|9/5/2012 10:51:00 AM|
The Deaf teach us how to listen
Twenty-third Sunday in Ordinary Time
|Mary Jo Tully|
Chancellor, Archdiocese of Portland
The training of catechists was the most important task for the Office of Religious Education in Chicago. So I should not have been surprised when the Catholic Office for the Deaf asked for me to help them put the sessions I had written into language that could be signed. Then Deaf master catechists could train Deaf catechists. Whenever I read today’s Gospel, I remember that graced time in my life. To teach them, I had to know them.
The Deaf quickly taught me that their community is a culture. Long before they told me that they did not consider themselves handicapped, I stopped thinking of them as disabled. I saw them “hear” with their entire bodies. They scanned gestures and looked at facial expressions.
The Deaf I met seemed to seek to move beyond the words they could not hear. Sometimes they caught the intensity in a message that was missed by those who were mesmerized by only the words that were spoken. While I learned that deafness sometimes affects a person’s capacity to speak and to be understood, it does not diminish the person. The attentiveness they pay to “listening” to others forms a very strong community. In this case, it was a faith community.
We see the results of a sensitive relationship around the man in today’s Gospel. He was brought to Jesus by others and Jesus responded with the same sensitivity he saw in that community. The man could not hear so the Lord could not tell him what he was about to do. Jesus uses signs to speak to him. He puts his finger in the man’s ear to let him know that he is going to take care of his hearing and touches his tongue to let him know that he will help him speak and looks to heaven so that the Deaf man will know that God is acting.
From this moment on, the Deaf man would be able to announce the faith that drew him to Jesus in the first place. The wholeness that Christ gave him was the ability to accept his calling to evangelize others. This is a wholeness that all of us need.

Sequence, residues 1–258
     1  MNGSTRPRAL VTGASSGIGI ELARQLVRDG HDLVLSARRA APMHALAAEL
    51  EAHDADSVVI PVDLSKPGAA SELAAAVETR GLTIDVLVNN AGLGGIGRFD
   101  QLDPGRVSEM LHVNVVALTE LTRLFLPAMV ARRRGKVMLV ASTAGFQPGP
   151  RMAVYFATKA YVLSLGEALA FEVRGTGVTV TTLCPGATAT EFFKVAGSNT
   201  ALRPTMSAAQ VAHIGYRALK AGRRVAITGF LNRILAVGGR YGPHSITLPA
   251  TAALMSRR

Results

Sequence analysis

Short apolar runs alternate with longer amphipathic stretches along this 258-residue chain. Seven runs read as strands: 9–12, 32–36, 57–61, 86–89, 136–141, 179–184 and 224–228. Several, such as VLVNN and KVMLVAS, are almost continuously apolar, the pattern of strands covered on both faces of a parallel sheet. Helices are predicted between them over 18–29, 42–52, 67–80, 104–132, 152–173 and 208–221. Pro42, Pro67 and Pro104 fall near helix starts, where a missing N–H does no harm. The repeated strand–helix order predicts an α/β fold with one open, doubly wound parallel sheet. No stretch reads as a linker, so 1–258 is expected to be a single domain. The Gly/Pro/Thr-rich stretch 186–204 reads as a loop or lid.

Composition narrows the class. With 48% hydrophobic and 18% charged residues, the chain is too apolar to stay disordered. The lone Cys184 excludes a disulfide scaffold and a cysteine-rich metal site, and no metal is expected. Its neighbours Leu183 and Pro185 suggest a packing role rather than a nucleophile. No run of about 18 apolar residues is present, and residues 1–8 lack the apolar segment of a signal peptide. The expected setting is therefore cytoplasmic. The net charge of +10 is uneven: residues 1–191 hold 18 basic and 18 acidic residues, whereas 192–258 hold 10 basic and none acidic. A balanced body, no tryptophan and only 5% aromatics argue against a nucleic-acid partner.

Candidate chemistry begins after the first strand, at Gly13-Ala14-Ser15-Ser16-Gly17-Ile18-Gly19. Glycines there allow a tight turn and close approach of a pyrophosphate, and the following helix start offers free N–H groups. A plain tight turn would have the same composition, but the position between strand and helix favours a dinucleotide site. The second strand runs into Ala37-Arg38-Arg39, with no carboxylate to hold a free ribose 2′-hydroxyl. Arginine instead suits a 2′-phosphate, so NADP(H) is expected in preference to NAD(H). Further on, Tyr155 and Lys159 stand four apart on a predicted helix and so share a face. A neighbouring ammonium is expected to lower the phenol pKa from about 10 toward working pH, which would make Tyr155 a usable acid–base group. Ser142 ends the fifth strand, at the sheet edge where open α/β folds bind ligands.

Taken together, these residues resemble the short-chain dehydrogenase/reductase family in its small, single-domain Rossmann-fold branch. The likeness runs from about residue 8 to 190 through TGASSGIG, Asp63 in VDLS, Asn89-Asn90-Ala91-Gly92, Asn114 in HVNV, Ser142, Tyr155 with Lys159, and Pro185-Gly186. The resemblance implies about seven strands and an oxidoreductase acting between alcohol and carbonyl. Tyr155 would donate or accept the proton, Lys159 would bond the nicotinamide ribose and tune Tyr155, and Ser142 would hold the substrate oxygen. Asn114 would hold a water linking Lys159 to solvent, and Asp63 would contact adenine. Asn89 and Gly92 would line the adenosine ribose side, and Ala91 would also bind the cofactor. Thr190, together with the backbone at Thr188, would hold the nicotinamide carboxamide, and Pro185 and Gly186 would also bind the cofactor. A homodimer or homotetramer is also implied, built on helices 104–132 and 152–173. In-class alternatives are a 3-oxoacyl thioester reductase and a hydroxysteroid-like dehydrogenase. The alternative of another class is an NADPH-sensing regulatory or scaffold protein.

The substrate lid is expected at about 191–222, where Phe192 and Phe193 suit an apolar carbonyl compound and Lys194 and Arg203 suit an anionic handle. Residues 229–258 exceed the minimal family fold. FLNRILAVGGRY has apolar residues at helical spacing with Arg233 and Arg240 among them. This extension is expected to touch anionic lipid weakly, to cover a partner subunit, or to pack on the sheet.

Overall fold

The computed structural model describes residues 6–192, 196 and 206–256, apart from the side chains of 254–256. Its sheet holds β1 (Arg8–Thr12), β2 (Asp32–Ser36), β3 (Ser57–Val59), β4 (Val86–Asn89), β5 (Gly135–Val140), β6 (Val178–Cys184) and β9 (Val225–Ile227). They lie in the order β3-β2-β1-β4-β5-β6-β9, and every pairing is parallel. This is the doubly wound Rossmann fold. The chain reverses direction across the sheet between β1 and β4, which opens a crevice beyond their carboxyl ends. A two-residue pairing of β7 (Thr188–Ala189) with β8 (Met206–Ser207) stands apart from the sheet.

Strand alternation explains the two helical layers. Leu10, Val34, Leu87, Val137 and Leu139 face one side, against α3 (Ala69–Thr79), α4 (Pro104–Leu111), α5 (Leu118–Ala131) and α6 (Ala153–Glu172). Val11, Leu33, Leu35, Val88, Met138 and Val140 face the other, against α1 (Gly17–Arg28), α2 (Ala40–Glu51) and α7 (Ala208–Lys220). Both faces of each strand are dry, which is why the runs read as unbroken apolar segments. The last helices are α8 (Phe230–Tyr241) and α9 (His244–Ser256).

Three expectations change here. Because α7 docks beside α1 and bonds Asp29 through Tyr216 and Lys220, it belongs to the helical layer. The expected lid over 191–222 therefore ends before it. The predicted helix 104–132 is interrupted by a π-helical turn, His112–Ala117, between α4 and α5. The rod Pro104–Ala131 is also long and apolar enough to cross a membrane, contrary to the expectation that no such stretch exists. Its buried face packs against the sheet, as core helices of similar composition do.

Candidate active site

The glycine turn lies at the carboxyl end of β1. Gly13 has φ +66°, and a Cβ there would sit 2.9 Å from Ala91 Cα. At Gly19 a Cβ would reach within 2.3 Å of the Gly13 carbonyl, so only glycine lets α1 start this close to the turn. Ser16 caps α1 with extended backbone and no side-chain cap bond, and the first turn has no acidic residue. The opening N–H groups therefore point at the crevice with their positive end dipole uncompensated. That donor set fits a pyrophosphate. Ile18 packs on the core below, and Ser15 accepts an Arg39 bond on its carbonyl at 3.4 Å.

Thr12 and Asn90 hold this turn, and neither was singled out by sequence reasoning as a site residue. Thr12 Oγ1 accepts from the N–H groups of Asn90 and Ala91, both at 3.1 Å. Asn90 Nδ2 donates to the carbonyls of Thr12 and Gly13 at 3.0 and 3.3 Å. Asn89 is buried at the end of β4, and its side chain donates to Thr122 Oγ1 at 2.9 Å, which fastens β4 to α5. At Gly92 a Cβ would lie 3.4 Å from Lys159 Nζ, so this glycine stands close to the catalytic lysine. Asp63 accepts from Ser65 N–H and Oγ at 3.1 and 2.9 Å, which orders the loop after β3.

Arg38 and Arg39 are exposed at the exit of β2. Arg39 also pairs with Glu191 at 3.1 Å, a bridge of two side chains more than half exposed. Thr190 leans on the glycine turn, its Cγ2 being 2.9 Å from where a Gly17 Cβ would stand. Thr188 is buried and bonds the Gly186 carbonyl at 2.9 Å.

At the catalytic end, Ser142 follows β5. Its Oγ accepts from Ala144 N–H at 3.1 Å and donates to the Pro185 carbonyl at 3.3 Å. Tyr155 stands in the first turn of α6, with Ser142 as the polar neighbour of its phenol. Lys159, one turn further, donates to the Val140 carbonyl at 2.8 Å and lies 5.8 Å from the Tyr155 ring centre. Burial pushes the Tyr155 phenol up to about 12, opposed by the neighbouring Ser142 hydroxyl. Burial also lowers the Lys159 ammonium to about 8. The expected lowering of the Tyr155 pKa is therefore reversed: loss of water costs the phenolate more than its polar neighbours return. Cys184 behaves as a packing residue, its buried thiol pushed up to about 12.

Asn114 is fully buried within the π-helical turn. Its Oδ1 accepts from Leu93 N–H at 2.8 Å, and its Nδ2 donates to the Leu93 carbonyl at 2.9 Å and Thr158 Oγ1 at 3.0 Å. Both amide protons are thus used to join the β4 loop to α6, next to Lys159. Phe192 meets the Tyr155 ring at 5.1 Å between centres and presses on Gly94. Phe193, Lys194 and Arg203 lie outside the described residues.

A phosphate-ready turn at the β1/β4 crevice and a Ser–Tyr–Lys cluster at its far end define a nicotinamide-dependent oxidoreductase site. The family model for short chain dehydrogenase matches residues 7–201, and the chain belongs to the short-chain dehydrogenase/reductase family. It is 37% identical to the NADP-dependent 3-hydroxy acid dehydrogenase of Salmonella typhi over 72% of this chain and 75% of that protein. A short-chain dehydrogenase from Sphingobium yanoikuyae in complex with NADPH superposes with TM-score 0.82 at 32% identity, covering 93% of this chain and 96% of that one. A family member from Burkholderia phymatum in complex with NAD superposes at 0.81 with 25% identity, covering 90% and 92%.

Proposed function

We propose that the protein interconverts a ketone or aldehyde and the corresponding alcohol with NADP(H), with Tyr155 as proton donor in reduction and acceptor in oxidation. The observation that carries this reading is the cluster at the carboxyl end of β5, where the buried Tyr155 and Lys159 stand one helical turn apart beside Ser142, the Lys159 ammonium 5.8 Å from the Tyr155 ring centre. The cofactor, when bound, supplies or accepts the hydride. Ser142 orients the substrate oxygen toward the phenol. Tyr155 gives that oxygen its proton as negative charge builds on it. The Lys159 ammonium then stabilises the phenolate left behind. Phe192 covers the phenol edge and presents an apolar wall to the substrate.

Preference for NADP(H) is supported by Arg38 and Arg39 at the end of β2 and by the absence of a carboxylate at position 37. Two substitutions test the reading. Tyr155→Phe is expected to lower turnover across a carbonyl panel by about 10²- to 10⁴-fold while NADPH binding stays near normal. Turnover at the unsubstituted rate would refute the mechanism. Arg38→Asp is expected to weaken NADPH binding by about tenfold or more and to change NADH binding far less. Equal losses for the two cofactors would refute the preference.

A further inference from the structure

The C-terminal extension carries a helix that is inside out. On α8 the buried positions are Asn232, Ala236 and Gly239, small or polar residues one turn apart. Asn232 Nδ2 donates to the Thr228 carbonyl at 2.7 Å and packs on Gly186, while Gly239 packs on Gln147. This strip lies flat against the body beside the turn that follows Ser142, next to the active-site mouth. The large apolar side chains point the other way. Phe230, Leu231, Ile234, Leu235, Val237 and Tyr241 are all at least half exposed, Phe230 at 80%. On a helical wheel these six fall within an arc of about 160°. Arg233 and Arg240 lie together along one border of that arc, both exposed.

The reading from Isaiah proclaims healing for all the earth: “The scorched earth becomes a lake, the parched land springs of water.” New life is given us when we rise above our limitations. As a community, we know the words of the epistle are true: “It was those who are poor according to the world that God chose, to be rich in faith and to be heirs to the kingdom which he promised to those who love him.”
And then Jesus told the crowd not to tell anyone. It made no difference. Even had they kept silent, the story the Deaf man told with his life had an even greater power.
The letter of James calls us to listen, to listen most especially to those who are not among those we would choose to hear. We are to listen to the poor, the less articulate, the ones to whom Jesus paid special attention.
The Hebrew Scripture is filled with stories of prophets who had to be convinced by God himself that they should speak. Today, we gather at Eucharist to tell one another that each of our stories of faith is worth hearing. Today we are challenged to seek out those who “feel handicapped” because of physical disability when it is, perhaps, those who appear most perfectly formed who are lacking. Ephphata—be opened…to every story of faith.